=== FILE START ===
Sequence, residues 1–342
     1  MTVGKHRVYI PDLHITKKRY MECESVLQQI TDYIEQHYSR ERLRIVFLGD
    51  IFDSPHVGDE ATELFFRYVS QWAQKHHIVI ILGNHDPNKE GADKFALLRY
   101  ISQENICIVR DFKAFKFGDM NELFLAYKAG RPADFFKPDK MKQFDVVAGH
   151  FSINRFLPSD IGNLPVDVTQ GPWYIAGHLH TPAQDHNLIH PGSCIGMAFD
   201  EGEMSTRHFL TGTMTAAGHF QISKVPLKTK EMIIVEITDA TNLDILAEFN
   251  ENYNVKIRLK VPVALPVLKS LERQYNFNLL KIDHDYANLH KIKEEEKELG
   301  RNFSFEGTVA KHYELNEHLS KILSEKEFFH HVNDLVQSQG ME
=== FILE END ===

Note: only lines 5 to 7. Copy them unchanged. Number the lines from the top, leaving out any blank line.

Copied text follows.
   151  FSINRFLPSD IGNLPVDVTQ GPWYIAGHLH TPAQDHNLIH PGSCIGMAFD
   201  EGEMSTRHFL TGTMTAAGHF QISKVPLKTK EMIIVEITDA TNLDILAEFN
   251  ENYNVKIRLK VPVALPVLKS LERQYNFNLL KIDHDYANLH KIKEEEKELG